Yisroel ע"ה and I were learning in Kfar Chabad at the same time under the tutelage of the esteemed Rabbi Gafni, may he live and be well!
On one occasion, if I recall correctly, it was during the summer that we merited to go to the Holy and spiritually charged city of Tzefas for a few days. I will never forget how, despite his physical challenges, he dipped in the frigid waters of the Arizal's mikveh. It was a hot day, however the water was particularly cold. I myself was shocked at how cold it was and did my best to enter dunk and exit expediently. I witnessed a Sefardi gentleman though who couldn't get enough of it. He was loving it and dipped repeatedly, joyously! Spending an amount of time in the relatively small mikveh pool which would possibly have given me hyperthermia. When it came to Yisroel's turn though, there simply wasn't the opportunity to make it a rush job. He had, on account of his unique physical predicament, to go in cautiously and slowly. In this case, his was not the luxury of speedy movements. His dip, his tevilla, took time. Jumping in and rushing out was not an option. Watching the almost regal and angelic appearance on his face, sighting his calculated steps, slowly and intentionally as he descended into the mikveh pool was an experience to behold. I never forgot it! I was moved, impressed and held Yisroel in a new light of appreciation and respect following. How he methodically took each step. Entering his frail, fairly thin, slightly awkward frame, into the freezing cold waters one slow step at a time, garnered a newfound awareness, that I stood in the presence of greatness. His exit was likewise labored, however there was no sign of remorse or regret. He arose holy, he emerged sparkling, he exited shining, glistening, pure. Not his body but his soul, his presence, his stature! His outstanding undertaking saw no pride and if you'd seen him after leaving the area it was totally indiscernible even a few minutes later. No doubt this is a powerful lesson for us and may it effect positive changes that spark the flame within to rise higher and still higher on the journey to bring the Divine home, here in our (His and our) world.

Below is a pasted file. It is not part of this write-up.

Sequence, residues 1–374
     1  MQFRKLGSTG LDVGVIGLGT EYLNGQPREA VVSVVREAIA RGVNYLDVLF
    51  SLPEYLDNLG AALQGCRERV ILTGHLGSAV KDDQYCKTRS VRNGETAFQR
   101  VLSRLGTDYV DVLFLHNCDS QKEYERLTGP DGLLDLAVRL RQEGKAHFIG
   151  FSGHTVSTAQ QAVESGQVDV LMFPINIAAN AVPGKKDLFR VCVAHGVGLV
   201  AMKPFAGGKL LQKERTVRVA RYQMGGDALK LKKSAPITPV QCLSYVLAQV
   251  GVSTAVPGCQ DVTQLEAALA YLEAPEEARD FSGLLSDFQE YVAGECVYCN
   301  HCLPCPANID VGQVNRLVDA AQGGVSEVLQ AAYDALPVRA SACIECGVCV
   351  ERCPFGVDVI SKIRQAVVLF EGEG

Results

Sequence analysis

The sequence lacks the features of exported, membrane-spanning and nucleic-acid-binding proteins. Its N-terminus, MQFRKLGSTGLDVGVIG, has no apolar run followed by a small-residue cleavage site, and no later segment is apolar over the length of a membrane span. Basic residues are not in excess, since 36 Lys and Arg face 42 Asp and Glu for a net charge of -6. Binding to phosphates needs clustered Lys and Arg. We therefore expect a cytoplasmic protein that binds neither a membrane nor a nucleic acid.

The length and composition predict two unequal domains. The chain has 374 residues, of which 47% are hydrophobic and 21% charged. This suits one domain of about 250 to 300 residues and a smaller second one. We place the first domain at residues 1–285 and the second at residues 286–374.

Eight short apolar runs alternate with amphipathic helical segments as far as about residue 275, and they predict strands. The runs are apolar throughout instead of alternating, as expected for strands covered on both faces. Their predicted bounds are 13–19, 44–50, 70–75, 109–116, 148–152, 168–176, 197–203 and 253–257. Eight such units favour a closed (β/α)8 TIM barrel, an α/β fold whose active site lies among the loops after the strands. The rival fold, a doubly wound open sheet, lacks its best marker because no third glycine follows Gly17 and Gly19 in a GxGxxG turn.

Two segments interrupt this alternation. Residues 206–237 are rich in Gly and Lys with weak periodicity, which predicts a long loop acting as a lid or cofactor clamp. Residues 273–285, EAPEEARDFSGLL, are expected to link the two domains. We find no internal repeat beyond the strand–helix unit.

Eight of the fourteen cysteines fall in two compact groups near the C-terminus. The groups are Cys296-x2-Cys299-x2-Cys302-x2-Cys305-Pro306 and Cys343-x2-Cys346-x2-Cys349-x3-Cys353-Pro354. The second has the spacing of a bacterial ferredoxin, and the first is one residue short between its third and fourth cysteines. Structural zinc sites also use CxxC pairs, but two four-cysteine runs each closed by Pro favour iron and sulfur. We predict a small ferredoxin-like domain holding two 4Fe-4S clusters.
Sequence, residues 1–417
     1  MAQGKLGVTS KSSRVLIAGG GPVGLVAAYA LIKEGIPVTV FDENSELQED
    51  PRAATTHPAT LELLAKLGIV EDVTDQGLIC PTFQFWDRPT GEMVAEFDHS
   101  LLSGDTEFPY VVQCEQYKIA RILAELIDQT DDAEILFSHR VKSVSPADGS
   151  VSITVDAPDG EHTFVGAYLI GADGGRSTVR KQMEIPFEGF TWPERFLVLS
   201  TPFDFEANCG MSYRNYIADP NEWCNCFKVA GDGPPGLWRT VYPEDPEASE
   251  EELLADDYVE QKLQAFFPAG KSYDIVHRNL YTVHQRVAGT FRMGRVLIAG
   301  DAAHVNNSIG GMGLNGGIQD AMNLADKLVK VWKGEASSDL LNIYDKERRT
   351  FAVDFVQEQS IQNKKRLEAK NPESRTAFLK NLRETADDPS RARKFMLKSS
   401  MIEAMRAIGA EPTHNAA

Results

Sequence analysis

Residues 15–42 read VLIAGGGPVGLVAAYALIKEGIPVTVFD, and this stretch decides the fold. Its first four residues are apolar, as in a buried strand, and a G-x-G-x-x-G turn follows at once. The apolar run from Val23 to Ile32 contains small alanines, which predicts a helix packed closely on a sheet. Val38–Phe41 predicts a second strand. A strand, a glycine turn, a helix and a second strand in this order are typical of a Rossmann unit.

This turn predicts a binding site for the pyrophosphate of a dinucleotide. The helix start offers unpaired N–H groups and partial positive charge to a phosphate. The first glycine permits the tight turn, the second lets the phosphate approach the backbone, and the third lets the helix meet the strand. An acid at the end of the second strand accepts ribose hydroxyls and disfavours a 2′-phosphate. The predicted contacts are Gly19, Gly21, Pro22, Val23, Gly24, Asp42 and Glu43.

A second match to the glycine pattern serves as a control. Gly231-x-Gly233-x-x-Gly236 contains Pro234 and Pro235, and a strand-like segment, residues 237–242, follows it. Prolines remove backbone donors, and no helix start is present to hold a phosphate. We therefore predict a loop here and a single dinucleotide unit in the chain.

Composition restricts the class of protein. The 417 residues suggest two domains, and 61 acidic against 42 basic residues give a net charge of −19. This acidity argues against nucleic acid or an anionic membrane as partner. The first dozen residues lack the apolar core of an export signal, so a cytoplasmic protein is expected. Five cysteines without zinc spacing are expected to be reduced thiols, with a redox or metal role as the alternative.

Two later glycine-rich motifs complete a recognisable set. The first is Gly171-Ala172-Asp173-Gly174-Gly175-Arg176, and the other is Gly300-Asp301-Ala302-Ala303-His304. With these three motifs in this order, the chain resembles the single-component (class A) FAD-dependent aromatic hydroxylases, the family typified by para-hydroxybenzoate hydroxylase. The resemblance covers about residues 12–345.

In my efforts to convey what I witnessed I employed a 'writers license' to embellish, via my word use, on a small scale. The purpose? For the sake of the readers experience and to give Yisroel due credit for his superhuman act, defying his bodily needs and to highlight his commitment to Yiddishkeit and it's customs (minhagim), going beyond the letter of the law.
May his memory be a blessing and his example a light to pave the way for those that remain.
Moshiach NOW ‼️